This was one was the first time in a while I cried whilst writing it. Crying is not a sign of weakness either!
Hi team. My name is Noggy I think we need to talk about mental health. In this video we are going to be talking about the question “does having a mental illness mean you are weak?” The short answer is no. Having am mental illness is not a sign of weakness. I have a mental illness. But having a mental illness doesn’t mean that I am weak. I am weak. If we are honest, we are all have plenty of weakness and struggle with life. We need to stop equating mental illness with weakness. It is both damaging and not true.
When I was younger, I wanted to be seen as a strong person. To me this meant having no weaknesses. It also meant never showing sadness or being discouraged. I had a whole list of normal and healthy emotions I subconsciously categorised as weak. I know it was dumb now, but it was what I believed.
One example of this is when I broke bones in both my feet at the same time. It was so painful. I wouldn’t recommend breaking a bone in one foot let alone in both feet. I just have this memory of sitting in class trying to concentrate but being distracted by the intense pain in both my feet. Every day, all day they hurt so badly. But, because I prided myself in my pain tolerance I didn’t want to complain or believe that it was affecting me. These would have been a sign of weakness.
It also meant that I had to sit out for four weeks of the rugby season. This was fine until the big rugby tournament of the year came up two weeks into my four-week break. The other guy who played my position hurt his knee and could no longer play. So I went to the doctor and begged him to play. He was like “It isn’t a bad break and you won’t damage it too much, so you’ll just have to restart the four week rest period.”
So I played. I was in agony all day. My feet were killing me when I was walking, let alone running and kicking the ball. At the end of each game I would collapse on the ground in pain. During each game I wouldn’t feel any pain as I was so focused on the game. It was a crazy day.
That night the only emotion I could feel was anger. Anger at a weird disallowed try, a poor team performance, and the pain I was in. In hindsight, there were lots of different emotions at play. First of all I was in pain. I didn’t want to show it because I thought it would have been weak. But I was in so much pain. Secondly, There were all sorts of frustrations, shame, and disappointments. Yet, as a teenage boy who couldn’t really process emotions, these just came out as anger. I thought it would have been weak to process emotions that didn’t suit my agenda of strength. If I couldn’t rationalise my emotion using my template of what a ‘strong’ person looked like then I wouldn’t let myself feel it. Emotions like shame or disappointment, and the idea of relying on others were signs of weakness.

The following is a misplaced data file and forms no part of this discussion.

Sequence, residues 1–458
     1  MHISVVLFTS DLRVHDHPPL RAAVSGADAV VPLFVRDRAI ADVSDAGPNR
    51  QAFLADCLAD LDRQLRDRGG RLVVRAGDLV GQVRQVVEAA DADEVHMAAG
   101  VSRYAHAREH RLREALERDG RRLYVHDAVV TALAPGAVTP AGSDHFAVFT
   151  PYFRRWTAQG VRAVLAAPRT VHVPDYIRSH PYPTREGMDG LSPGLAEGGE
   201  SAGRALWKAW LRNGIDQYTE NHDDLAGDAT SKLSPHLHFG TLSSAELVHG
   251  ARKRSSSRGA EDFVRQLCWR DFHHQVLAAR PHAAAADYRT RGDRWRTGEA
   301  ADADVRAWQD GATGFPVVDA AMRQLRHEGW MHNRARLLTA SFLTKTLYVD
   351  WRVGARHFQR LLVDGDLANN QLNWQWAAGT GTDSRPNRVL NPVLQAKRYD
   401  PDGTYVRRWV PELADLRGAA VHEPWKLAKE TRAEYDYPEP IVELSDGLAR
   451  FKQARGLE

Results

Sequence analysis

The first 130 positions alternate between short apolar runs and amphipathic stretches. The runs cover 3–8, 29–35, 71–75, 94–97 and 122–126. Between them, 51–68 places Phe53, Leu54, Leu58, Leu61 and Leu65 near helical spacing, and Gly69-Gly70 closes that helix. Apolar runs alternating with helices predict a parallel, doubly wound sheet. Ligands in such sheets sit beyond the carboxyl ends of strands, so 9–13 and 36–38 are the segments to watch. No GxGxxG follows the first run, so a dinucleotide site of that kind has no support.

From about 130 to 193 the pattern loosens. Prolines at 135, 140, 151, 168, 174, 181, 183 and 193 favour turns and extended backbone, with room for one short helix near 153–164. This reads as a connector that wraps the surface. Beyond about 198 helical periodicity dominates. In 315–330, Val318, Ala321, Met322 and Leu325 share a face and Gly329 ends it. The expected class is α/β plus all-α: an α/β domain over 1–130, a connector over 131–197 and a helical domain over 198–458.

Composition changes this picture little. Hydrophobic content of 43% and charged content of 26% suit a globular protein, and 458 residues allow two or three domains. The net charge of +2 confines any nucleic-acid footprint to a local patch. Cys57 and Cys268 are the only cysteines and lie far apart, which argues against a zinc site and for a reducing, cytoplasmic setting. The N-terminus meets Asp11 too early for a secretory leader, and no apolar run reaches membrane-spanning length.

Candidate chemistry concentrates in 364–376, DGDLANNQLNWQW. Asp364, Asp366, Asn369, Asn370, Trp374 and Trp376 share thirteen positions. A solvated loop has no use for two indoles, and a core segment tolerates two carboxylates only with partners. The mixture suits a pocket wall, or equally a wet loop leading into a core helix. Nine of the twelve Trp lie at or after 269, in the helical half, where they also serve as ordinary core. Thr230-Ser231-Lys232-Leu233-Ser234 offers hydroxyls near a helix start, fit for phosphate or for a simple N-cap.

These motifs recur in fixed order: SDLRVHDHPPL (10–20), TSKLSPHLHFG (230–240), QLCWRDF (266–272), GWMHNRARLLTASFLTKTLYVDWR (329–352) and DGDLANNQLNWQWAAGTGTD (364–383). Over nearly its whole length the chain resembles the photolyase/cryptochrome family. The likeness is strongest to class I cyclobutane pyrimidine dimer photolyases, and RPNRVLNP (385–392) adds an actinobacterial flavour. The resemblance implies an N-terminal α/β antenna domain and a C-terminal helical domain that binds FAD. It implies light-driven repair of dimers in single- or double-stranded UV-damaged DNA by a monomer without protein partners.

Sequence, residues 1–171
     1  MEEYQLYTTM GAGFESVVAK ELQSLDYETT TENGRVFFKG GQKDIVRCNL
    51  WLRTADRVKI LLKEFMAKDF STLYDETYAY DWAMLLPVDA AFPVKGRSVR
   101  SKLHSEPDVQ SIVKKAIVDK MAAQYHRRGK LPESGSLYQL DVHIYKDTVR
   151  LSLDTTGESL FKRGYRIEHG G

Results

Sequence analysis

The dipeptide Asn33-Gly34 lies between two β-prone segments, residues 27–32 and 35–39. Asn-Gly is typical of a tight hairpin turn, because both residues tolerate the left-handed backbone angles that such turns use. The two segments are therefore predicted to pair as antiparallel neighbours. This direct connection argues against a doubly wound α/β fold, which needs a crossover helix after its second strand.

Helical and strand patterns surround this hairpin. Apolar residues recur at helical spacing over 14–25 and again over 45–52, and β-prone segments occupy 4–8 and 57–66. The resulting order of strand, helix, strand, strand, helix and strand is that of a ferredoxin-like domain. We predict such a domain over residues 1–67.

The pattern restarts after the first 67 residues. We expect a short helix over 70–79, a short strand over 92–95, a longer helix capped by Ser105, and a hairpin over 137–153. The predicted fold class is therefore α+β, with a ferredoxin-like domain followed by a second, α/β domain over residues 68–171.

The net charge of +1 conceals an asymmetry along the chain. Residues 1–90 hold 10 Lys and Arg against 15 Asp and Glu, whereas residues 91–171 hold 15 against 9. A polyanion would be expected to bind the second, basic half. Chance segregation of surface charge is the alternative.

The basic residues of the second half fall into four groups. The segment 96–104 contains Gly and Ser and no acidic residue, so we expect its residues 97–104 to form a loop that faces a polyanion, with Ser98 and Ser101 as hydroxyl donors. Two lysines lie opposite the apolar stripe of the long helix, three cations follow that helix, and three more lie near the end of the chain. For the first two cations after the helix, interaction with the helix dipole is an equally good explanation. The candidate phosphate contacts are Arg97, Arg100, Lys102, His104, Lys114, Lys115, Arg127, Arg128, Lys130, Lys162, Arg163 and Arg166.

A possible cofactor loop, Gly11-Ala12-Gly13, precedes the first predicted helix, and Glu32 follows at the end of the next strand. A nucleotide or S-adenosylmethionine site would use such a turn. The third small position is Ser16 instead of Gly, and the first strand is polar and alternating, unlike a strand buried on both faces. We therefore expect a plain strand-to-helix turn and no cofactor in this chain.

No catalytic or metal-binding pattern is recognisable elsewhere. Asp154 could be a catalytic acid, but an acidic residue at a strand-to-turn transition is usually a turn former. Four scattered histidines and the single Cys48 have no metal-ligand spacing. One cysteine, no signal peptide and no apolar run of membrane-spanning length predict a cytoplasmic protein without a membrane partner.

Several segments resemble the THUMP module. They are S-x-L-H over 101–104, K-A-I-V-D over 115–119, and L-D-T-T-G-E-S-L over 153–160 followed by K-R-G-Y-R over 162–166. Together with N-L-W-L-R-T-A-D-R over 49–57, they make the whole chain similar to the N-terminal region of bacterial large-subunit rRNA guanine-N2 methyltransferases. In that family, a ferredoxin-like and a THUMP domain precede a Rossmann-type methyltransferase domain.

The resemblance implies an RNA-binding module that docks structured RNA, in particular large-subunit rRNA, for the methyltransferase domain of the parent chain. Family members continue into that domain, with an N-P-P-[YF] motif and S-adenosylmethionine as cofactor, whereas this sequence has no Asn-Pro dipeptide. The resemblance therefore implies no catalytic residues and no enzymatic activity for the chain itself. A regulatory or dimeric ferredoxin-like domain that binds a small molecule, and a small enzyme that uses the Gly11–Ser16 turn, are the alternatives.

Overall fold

Hopefully this sets the scene for a bit of cognitive dissonance when I started struggling with mental illness. Cognitive dissonance is when you have two ideas that contradict but are both there. I used to believe that mental illness only affected people who were weak. They were a sign of a weak psyche. But I thought I was strong. So how could someone who was strong have a mental illness?
Well there were three responses to this.
Response one was to say that what I was experiencing wasn’t depression and if I ignored it would go away.
Nope. Depression is a real illness and ignoring it isn’t wise.
Response two would be to accept that I am depressed, and that is ok because I am so strong I am going to beat it quickly and quietly. Nobody ever has to know.
This was a terrible idea and it did so much damage to me.
I was struggling with such great emotional turmoil because of depression. On top of that, I was invalidating my own struggle. At this point, because of seeing mental illness as a sign of weakness, I was constantly telling myself that I was weak and whilst trying to pretend I was ok. It sucked.
Option three is to accept that I had a mental illness, and that it is ok to have one. It definitely isn’t good, and it is a sign of a messed up world. But it is not a sign of my own fault or weakness. Mental illness does happen to weak people because everyone is weak. They are not a sign or cause of weakness. They are a sign of being human in a really tough world.
When I was younger, I had a messed up idea of strength. I thought if I got rid of all my weaknesses, I could be strong. That is wrong. I will always have weakness and always struggle with life. That is ok. True strength is having the courage to say I am struggling, and I need help. Getting through life with a mental illness requires enormous strength. The day to day of my life now is far harder with a mental illness that it was with two broken bones. It is a tough gig having a mental illness.